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Child Development

 

It’s no secret that children follow an incredibly similar pattern of reading behaviors as they steadily begin to learn and understand how to read, to identifying each letter of the alphabet and being able to read fluently. There are very clear and distinct stages of development when it comes to reading, which is why there is an abundance of specific reading behaviors, and key development signs that can be identified easily at each of these stages.

child development

Reading Development is Fundamental To A Child’s Future Sucess

Pre-Reader
Pre-readers require plenty of enriching and enjoyable experiences when it comes to the idea of books, especially picture books. Children can become increasingly comfortable with books that contain plenty of imagery even before they can read. A child that is at the development stage of a pre-reader is capable of working with concepts of print and will be noticeably at the beginning stages of developing the capability to focus attention on a particular letter-sound. Your child is most likely a pre-reader if they mostly:

  • Plays with books as a toy but isn’t yet able to understand the content inside.
  • Has been introduced to books and enjoys hearing them
  • Doesn’t understand that the pages contain words that are related to a particular story.
  • Is attracted to bright illustrations and colors found in books, but doesn’t relate the images to the story.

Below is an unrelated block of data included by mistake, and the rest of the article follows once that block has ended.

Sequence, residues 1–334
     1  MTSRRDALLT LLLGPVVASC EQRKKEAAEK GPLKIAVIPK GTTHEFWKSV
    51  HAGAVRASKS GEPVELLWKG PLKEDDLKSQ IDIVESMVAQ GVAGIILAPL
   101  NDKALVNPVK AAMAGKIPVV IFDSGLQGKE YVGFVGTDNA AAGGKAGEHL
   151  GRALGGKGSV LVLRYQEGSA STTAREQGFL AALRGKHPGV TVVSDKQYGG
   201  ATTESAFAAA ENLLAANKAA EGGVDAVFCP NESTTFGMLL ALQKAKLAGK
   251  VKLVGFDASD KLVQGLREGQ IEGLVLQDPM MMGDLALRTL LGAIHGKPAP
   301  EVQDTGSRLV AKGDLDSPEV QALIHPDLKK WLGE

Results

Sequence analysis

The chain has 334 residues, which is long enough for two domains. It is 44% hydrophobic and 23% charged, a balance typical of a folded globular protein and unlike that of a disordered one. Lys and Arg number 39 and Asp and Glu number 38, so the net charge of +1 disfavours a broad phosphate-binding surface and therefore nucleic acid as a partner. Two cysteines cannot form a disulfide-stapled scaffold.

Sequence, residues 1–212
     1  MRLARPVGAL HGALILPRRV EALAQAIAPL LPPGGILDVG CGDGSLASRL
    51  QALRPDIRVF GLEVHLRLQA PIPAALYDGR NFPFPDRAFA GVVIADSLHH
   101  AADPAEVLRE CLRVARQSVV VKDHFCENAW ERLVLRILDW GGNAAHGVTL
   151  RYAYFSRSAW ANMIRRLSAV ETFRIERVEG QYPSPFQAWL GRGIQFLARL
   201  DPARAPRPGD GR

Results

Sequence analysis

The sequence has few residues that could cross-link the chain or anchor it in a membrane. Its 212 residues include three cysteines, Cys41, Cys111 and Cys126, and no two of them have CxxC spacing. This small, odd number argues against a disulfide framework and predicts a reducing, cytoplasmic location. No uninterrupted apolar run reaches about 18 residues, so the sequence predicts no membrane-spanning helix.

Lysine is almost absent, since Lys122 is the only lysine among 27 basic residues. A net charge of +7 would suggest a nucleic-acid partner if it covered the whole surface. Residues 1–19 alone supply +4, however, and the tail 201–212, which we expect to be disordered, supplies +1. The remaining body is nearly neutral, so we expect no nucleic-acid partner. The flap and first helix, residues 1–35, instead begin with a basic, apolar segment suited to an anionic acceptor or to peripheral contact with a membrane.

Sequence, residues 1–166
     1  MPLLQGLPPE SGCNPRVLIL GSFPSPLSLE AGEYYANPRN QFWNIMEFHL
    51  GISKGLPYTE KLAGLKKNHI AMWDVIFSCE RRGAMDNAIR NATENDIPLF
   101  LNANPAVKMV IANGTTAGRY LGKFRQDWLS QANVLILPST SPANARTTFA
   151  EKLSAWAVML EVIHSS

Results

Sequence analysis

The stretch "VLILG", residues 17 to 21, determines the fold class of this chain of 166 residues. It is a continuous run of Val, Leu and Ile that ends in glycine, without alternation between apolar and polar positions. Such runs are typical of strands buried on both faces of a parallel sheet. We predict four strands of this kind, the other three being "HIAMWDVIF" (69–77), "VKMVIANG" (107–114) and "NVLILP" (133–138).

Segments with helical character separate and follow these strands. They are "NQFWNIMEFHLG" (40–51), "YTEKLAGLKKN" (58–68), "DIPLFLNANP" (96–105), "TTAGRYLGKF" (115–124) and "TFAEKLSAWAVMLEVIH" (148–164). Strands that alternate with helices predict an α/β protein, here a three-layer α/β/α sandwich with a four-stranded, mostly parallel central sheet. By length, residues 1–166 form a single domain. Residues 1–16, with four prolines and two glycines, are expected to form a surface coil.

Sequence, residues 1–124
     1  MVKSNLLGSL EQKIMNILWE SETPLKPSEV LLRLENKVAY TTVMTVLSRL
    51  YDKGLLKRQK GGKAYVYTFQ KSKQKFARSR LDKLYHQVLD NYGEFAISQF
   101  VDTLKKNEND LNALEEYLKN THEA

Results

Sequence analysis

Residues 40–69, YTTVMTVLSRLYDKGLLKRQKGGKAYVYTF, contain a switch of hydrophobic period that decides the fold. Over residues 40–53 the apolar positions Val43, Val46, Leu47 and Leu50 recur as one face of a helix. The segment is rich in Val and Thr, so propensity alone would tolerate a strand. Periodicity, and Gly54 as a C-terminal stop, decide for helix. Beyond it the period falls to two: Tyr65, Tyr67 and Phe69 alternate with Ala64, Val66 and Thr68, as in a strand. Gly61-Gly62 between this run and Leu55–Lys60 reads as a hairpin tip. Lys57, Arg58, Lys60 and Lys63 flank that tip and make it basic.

• Unable to identify any letters or words on the pages.
  • Pretends to write using a pen or pencil.
  • Enjoys looking through different forms of literature unaided.
  • Approximate age for a pre-reader is 2 to 4 years old

Beginner Reader
Readers who are only just beginning are able to use a handful of methods in order to predict a word. One method which is often used is using imagery in order to confirm your child’s own predictions of words. It is a fundamental time where reading habits of confirming, predicting and risk-taking with words will occur. Your child is most likely a beginner reader if they mostly:

  • Requires some form of imagery on each page in order to help tell the story.
  • Can identify letters in the alphabet
  • Can identify and pronounce sounds of the alphabet.
  • Memorizes books and stories and tries to read them again.
  • Reads aloud expressively and doesn’t use any form of punctuation.
  • Encounters an unknown or difficult word and skips over it.
  • Approximate age for a pre-reader is 4 to 6 years old.

Intermediate Reader
Intermediate readers will often enjoy reading books that are a series. They will enjoy the idea of the same characters across a variety of titles. If your child is an intermediate reader, you will notice that they read at a good pace. At this stage of development, children will generally have formed their own strategies and methods in order to figure out many of the words but will still continue to require some form of help with understanding more difficult words or sentences. Your child is most likely an intermediate reader if they mostly:

  • Reads smoothly and at a good pace.
  • May stop to figure out a word or sound. Few mistakes may occur.
  • Uses imagery as well as context in order to gain clues as to what the story is about.
  • Encounters an unknown word and will try to sound it out.
  • Capable of answering simple questions regarding the story.
  • Reads aloud expressively. May pause to identify punctuation.
  • Enjoys new books.
  • Easier books are now read independently.
  • Approximate age for a pre-reader is 6 to 8 years old

There are also an abundance of websites out there to help your child develop their reading further:

For more information and detailed advice on your child’s literacy milestones and development, why not check out:

 

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